Through the Looking Glass
I can’t get involved in the future. First of all, there may not be a future.
— John Bernard Myers
I have had in my mind an image of the Maine shoreline, where I grew up, the great stretches of basalt and granite rubbed smooth, polished by touch upon touch over time. It feels so good to hold one of these rocks, to turn it over and over until the oils from your skin add their own unstable layer to the mix.
Now and Then is the fifteenth issue of the Open Space magazine, which was launched in October 2015 in tandem with the site’s redesign. Five years of the “new” OS. Does its debut seem like yesterday or forever ago? Neither, both? Time is tricky these days. Or maybe time is always tricky.
The concept for Now and Then was born in part from an exhaustion with “concept”: the themes and questions we devise to tidily encapsulate the mess of daily existence. Though they can shape what falls inside them in productive and evocative ways, offering us different ways to look at the world, frames are artificial creatures (yes, yes, this one too). They do not particularly account for time — or perhaps better to say that they can be a way to avoid time in favor of other organizing principles, to look always toward an about-to-be-created future. We rush ceaselessly onto the next the next the next (advanced practice for how to never live in the present), even as our preoccupations tend to not change all that much over time. Meanwhile the archives stack up and up, whether in boxes or bytes, with nary a moment to reflect.
And so. We desired to return; but to what, to whom? When it comes to contributors, the OS cup runneth over, with more than one hundred individuals, collectives, and organizations commissioned for the magazine alone, which accounts for a fraction of the site. Though several of our issues have been national and international in scope, and we’ve even had a few guest editors from beyond California (hi, Mike!; hi, ARTS.BLACK!), we opted to stay close to home for this one. In part, this was simply to narrow the choices. But it’s also to honor the fact that Open Space, at its heart, is dedicated to local communities and close-knit networks. Not all of these, to be sure, are geographically bound — but we do our best to prioritize the myriad art worlds that exist beyond and under and through The Art World. We’re interested in immediate surroundings.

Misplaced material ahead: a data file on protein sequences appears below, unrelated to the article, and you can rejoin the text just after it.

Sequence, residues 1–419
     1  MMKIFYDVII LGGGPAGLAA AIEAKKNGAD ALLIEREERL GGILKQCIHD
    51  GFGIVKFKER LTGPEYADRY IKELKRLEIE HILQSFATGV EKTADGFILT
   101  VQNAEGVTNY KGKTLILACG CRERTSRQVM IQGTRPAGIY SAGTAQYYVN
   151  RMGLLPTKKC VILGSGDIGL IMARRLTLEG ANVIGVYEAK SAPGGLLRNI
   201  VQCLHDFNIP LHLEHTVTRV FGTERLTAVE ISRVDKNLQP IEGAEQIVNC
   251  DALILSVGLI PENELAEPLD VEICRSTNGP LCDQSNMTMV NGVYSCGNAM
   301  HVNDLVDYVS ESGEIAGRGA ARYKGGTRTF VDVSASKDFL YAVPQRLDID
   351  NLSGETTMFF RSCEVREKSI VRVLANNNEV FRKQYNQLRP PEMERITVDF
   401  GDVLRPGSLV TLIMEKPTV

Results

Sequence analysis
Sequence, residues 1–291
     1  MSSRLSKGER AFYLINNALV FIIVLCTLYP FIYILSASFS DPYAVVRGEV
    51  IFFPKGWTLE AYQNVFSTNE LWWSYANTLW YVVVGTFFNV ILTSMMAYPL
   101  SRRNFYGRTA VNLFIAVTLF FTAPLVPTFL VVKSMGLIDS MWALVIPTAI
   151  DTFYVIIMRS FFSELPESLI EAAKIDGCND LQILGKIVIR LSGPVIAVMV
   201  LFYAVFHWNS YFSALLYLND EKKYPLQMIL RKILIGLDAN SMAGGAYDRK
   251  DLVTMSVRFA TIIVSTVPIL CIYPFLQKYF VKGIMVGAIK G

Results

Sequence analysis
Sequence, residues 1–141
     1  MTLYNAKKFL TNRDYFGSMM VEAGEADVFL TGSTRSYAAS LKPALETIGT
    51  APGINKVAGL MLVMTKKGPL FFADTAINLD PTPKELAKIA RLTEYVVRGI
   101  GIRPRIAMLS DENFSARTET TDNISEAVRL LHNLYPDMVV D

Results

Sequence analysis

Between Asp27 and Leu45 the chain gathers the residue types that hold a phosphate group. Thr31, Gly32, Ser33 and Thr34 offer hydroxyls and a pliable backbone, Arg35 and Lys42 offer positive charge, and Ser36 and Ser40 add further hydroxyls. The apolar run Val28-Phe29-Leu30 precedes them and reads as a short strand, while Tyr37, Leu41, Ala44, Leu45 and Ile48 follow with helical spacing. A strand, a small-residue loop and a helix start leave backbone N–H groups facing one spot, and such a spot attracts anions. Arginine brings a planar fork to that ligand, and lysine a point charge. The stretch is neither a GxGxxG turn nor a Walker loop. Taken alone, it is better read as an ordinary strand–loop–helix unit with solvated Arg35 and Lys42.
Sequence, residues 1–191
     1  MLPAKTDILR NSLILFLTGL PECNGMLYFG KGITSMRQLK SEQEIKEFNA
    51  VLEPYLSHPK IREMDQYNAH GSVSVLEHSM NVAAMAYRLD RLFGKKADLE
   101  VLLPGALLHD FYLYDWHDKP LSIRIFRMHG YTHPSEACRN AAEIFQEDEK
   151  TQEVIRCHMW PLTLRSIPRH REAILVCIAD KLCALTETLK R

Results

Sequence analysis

Now and Then is also an opportunity to honor the relationships (those polished stones…) we build with our contributors over time. Though we continually try to fulfill our mandate to work with as wide a range of artists as possible (and therefore have to turn down pitches from returning artists far more than we would like!), we nonetheless are deeply sustained by ongoing relationships with contributors. Sometimes fraught, sometimes magical, sometimes both — no matter the shape it takes, process is paramount, a grounding weight within the manic churn of production; behind most of the pieces we commission are weeks and sometimes months of editorial back and forths, conducted by email, over the phone, and in person. As our founding editor Suzanne Stein put it in a toast, delivered at her goodbye party in the early days of 2016:
Everyone in this room — or nearly everyone anyway — has made something that has become a part of what Open Space is. [Let’s drink to that!] You wrote something, you shared something, you talked about something, you edited or you fixed something. Or, you talked me through or out of a crisis. Or, you created a crisis, and I love you for that. Your hands and your ideas are in it. I confess that I can’t quite understand what it is we’ve made together. What is this thing? Is this a magazine? An archive, a history lesson, a conversation, a blog? What is this strange and brilliant collection of unlike articulations that are all housed under the admittedly indulgent umbrella called Open Space?
In person. Parties! Toasts. Oh, nostalgia. Now and Then was envisioned before the COVID-19 pandemic. But the pieces we will publish in the following weeks were made (and, in one case, abandoned) in the midst of this long moment, the present pressuring the past (yes, yes, it always does). In these strange and tender times, when we don’t know whether the platforms, programs, and publications we run will survive long enough to be a part of what’s to come, it feels good to be spending time with artists and writers while they revisit, whether explicitly or obliquely, what has been — what already is.
This essay was written in April. So much polishing since then… I am grateful to be in conversation with the artists and writers who have contributed to this magazine, including two who have chosen not to move forward with publishing at this time. And I am grateful to my co-editor, Gordon Faylor, the site’s former managing editor. More than ever, I see Open Space’s true nature as a messy constellation of ever-evolving relationships.